Thinking Anglicans

O Rex Gentium

O King of the nations, and their desire,
the cornerstone making both one:
Come and save the human race,
which you fashioned from clay.

What now, late in 2009, might be the desire of the nations?

It should be possible to answer that question, surely. After all, only last week, the nations came together. Or, at least, their leaders did. From the super-powers and the almost-super-powers, and from the tiny island states, diplomats, negotiators, heads of government, all gathered over the last week or so in Copenhagen. Nations with contrasting, even competing, experiences and priorities; nations clinging to what the comforts they now enjoy, nations aspiring to more as they grow into affluence, nations desperately fearful of losing what little they have.

They came seeking a foundation — or to change the metaphor, a cornerstone, something which would hold them together in an accord, an agreed response to the threat of changes to the climate which may alter all our lives, diminish the earth’s abundance, and destroy those who already struggle for survival. If there is a cornerstone, if not entirely neglected, it is as yet scarcely in place. Over the last few days of the conference, reports moved from gloom to hope to gloom again. Since its conclusion, there has been some rewriting of the last grim summaries. At least the meeting took place. At least there were conversations. At least something was written down. At least we are at the beginning of a road. But it is the beginning, I suspect, of a very long road, and the journey may take too long. We are very, very far from being one, even in our fears, let alone in our hopes, or in converting hope into reality.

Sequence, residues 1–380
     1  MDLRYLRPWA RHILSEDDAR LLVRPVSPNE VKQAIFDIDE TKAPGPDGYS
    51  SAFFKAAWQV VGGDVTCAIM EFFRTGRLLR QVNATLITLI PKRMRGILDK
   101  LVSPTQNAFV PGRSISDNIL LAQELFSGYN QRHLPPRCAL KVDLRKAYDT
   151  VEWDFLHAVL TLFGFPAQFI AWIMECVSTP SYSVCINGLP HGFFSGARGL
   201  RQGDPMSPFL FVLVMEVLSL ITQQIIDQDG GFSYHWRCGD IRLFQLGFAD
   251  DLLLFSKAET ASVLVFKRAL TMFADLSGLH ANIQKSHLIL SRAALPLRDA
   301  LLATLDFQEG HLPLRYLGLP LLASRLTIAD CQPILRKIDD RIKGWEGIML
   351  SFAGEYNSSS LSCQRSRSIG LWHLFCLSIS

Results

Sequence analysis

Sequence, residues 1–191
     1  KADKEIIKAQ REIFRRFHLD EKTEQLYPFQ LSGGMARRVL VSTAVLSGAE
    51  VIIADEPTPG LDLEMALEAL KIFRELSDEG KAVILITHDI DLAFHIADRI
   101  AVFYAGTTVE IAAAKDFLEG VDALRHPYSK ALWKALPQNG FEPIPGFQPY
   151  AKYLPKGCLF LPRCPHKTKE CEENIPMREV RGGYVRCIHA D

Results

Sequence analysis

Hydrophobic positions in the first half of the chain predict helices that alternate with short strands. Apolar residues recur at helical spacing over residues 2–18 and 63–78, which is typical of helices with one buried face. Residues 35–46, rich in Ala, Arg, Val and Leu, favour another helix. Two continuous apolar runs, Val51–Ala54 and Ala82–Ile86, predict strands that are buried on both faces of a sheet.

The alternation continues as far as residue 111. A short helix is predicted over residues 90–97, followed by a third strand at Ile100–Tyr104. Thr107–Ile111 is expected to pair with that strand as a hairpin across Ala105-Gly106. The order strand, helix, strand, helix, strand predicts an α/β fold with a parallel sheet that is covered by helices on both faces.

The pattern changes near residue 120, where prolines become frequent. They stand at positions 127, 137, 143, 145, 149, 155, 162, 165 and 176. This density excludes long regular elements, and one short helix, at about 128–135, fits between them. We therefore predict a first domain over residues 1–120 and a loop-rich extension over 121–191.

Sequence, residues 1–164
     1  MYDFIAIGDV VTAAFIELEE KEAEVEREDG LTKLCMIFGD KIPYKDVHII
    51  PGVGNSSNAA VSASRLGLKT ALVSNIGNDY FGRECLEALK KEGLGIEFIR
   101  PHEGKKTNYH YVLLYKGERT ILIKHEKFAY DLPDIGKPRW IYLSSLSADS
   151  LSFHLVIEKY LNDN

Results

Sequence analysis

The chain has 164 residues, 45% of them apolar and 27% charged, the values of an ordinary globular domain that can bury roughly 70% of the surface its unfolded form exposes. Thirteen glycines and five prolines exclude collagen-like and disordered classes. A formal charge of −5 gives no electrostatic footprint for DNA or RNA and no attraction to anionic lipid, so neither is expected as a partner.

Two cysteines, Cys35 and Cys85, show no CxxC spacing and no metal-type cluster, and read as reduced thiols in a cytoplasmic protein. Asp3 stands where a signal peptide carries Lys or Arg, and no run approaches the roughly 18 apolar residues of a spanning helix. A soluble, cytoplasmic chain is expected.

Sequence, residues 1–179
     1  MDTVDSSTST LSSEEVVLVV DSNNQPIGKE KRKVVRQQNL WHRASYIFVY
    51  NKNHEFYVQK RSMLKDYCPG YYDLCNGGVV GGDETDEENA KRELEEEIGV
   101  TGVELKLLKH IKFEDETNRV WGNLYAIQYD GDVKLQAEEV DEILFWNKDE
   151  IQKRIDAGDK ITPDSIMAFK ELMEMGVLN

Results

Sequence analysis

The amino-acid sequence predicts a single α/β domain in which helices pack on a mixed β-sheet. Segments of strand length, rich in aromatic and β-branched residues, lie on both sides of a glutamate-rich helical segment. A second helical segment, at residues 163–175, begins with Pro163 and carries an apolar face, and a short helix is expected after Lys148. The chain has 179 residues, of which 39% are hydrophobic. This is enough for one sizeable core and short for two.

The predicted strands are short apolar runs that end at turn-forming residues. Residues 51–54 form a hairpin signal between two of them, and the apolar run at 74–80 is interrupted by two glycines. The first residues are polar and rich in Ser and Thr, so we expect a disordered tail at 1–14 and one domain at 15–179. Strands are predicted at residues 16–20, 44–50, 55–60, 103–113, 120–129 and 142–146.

The old story, the story reflected in today’s antiphon, is that we were fashioned from clay, from the soil, the very earth from which we still draw what sustains our physical life. As we come towards the great festival of the Incarnation, we so often focus on the divine entry into the day-to-day, earthed, ordinariness of what it is to be human. Yet now, we are also aware, as perhaps never before, of a profound disharmony between the story of the earth and its well-being and the actions of the beings who have their life on it and from it. It is, it seems, the clay itself which is in need of salvation, in need of saving from what so many of us, in our particularly voracious way of living, are doing to the soil, the seas, the atmosphere.

‘Peace on the earth’, we will read, and sing, and pray, over the coming days. Perhaps we should be praying instead, ‘peace for the earth’, for the raw material of God’s creation.

Truly, an antiphon for our time.

Canon Jane Freeman is team vicar at East Ham with Upton Park in the diocese of Chelmsford.

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